Beatson, Alexander (DNB00)
BEATSON, ALEXANDER (1759–1833), lieutenant-general in the East India Company's service, governor of St. Helena, and experimental agriculturist, was second son of Robert Beatson, Esq., of Kilrie, co. Fife. He obtained a cadetship in 1775, and was appointed to an ensigncy in the Madras infantry, 21 Nov. 1776. He served as an engineer officer in the war with Hyder Ali, although he appears never to have belonged to the engineers. As lieutenant, he served with the Guides in Lord Cornwallis's campaigns against Tippoo Sultaun; and eight years after, as a field officer, was surveyor-general with the army under Lieutenant-general Harris, which captured Seringapatam in 1799. He attained the rank of colonel 1 Jan. 1801.
After he had quitted India, Beatson was appointed to the governorship of St. Helena, which he held from 1808 to 1813. The island, which then belonged to the East India Company, was in a very unsatisfactory condition. The scanty population had been nearly swept off by an epidemic of measles a short time previously, and, although recruited by emigrants from England and by Chinese coolies, was in a wretched state. The acts of the home authorities in suppressing the spirit traffic and other matters gave rise to great discontent, resulting in a mutiny in 1811, which was put down by the firmness of Beatson, who also introduced a better system of cultivation and many other beneficial measures. After his return to England, he devoted much attention to experiments in agriculture at Knole farm near Tunbridge Wells, and Henley, Essex. He became major-general July 1810, lieutenant-general June 1814, and died 14 July 1833.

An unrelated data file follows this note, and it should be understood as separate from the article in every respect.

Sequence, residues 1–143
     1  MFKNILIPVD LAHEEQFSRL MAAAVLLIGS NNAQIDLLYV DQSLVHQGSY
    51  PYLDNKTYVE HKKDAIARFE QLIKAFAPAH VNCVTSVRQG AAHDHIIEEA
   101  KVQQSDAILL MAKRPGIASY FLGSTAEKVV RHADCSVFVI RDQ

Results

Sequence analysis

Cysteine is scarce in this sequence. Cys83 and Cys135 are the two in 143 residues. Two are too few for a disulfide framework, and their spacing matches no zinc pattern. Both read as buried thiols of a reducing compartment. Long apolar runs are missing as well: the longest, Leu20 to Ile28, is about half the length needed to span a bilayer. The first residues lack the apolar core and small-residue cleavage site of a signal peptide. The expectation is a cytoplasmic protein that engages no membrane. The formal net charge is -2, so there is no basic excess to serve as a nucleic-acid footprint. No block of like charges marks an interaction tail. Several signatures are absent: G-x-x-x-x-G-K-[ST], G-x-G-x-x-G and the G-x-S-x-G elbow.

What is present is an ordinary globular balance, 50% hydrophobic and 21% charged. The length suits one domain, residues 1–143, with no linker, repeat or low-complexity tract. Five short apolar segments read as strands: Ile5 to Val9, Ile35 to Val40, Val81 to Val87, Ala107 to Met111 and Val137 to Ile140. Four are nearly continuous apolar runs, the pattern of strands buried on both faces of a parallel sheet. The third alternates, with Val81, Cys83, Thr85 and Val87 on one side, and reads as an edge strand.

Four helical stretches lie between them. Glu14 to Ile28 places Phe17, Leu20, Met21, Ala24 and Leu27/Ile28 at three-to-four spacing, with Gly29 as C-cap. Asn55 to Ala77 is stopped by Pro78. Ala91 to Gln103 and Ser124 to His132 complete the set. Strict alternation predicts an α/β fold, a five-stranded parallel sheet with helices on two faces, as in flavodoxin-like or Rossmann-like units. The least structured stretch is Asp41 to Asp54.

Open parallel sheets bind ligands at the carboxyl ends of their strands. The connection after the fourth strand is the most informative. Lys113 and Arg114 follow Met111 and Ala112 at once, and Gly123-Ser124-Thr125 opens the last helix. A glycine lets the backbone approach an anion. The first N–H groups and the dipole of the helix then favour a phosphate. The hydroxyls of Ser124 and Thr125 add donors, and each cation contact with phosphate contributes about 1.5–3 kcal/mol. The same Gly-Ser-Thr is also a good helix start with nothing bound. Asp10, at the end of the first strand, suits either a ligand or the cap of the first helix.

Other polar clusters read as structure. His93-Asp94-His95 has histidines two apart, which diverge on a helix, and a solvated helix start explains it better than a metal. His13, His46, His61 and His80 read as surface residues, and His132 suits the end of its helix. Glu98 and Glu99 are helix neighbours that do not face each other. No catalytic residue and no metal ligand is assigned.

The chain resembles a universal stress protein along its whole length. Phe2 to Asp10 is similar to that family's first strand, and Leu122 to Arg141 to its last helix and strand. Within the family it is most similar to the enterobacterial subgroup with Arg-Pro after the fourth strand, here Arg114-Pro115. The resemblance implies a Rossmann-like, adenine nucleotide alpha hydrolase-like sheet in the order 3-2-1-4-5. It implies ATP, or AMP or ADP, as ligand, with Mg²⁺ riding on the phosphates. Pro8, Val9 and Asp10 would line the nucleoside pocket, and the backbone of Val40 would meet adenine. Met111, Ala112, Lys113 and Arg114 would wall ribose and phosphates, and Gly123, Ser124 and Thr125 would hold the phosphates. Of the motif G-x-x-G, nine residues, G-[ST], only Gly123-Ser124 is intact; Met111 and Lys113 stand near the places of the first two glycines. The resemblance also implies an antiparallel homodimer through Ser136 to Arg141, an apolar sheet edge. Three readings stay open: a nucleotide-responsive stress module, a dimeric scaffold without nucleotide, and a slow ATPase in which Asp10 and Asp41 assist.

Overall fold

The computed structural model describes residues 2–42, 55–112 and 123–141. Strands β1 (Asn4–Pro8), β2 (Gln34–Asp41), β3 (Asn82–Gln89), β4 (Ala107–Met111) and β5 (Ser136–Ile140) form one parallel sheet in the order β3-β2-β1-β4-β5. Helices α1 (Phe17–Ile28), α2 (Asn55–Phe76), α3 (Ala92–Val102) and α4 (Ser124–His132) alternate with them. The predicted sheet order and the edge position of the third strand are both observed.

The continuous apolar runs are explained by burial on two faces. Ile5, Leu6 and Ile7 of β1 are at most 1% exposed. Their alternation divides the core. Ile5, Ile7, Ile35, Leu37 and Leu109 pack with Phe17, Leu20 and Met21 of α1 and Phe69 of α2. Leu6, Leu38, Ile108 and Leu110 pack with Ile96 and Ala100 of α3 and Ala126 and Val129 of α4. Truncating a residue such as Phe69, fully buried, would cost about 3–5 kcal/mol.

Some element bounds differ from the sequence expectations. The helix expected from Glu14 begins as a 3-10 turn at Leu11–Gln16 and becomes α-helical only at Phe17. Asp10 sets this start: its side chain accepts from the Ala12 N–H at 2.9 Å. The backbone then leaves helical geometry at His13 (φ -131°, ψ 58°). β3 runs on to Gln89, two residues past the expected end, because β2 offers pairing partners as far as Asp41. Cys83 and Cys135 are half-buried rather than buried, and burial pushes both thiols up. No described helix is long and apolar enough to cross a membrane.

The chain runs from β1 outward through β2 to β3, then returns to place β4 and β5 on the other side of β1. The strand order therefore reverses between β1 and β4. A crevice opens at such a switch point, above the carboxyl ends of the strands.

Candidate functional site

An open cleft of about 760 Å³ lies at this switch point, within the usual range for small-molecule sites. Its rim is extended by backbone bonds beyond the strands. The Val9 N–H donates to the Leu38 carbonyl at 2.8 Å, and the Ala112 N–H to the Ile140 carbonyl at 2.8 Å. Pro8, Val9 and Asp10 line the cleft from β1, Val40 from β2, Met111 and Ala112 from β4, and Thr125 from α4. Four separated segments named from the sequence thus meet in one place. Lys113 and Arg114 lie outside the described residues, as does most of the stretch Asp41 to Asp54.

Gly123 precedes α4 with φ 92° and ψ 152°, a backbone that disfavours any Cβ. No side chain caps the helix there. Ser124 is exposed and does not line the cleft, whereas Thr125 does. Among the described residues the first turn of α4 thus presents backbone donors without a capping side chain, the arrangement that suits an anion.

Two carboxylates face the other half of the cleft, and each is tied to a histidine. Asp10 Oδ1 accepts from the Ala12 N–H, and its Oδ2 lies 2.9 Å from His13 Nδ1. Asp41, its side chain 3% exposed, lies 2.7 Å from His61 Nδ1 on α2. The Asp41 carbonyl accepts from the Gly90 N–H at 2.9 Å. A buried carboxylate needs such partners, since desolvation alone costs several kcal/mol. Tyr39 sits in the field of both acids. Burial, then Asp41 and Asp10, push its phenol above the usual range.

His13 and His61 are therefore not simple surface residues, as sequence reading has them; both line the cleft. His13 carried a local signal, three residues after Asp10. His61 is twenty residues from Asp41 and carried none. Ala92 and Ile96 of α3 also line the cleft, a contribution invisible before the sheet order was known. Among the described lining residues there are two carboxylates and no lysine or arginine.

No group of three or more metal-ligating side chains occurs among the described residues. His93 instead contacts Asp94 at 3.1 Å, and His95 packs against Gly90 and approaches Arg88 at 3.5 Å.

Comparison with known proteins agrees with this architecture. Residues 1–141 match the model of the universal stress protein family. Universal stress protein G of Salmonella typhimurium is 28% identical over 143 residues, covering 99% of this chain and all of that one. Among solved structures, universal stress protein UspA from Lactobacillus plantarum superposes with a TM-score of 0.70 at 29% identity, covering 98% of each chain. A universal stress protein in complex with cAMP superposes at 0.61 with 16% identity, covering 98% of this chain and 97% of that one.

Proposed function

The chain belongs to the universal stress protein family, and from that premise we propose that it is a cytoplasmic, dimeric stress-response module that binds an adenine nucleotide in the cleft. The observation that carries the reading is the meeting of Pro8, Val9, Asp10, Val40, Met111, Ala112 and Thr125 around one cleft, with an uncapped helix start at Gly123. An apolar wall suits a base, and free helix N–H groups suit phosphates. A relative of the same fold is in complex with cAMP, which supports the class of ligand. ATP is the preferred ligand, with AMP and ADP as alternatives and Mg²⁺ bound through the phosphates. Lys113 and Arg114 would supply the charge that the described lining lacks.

Beatson was the author of the following works: 1. 'An Account of the Isles of France and Bourbon,' 1794, which was never printed, and remains in manuscript at the British Museum (Add. MS. 13868). 2. 'A View of the Origin and Conduct of the War against Tippoo Sultaun' (London, 1800, 4to). 3. 'Tracts relative to the Island of St. Helena,' with views (London, 1816, 4to), and other smaller works on the island besides contributions to the St. Helena 'Monthly Register.' 4. 'A New System of Cultivation without Lime or Dung, or Summer Fallowing, as practised at Knole Farm, Sussex' (London, 1820, 8vo); and various papers on improvements in agriculture.[Dodswell and Miles's Alph. Lists Ind. Army; Vibart's Hist, of Madras Sappers and Miners, vol. i.; Beatson's writings.]